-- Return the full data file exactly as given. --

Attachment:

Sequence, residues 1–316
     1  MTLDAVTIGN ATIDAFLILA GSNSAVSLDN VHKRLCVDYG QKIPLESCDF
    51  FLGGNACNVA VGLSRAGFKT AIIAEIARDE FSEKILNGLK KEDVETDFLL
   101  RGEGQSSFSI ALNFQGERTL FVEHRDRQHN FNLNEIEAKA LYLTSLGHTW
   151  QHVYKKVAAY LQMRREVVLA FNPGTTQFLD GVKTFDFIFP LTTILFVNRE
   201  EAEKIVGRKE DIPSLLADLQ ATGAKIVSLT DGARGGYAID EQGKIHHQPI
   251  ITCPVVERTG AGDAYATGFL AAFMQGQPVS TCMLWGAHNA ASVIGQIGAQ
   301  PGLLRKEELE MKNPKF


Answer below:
Sequence, residues 1–316
     1  MTLDAVTIGN ATIDAFLILA GSNSAVSLDN VHKRLCVDYG QKIPLESCDF
    51  FLGGNACNVA VGLSRAGFKT AIIAEIARDE FSEKILNGLK KEDVETDFLL
   101  RGEGQSSFSI ALNFQGERTL FVEHRDRQHN FNLNEIEAKA LYLTSLGHTW
   151  QHVYKKVAAY LQMRREVVLA FNPGTTQFLD GVKTFDFIFP LTTILFVNRE
   201  EAEKIVGRKE DIPSLLADLQ ATGAKIVSLT DGARGGYAID EQGKIHHQPI
   251  ITCPVVERTG AGDAYATGFL AAFMQGQPVS TCMLWGAHNA ASVIGQIGAQ
   301  PGLLRKEELE MKNPKF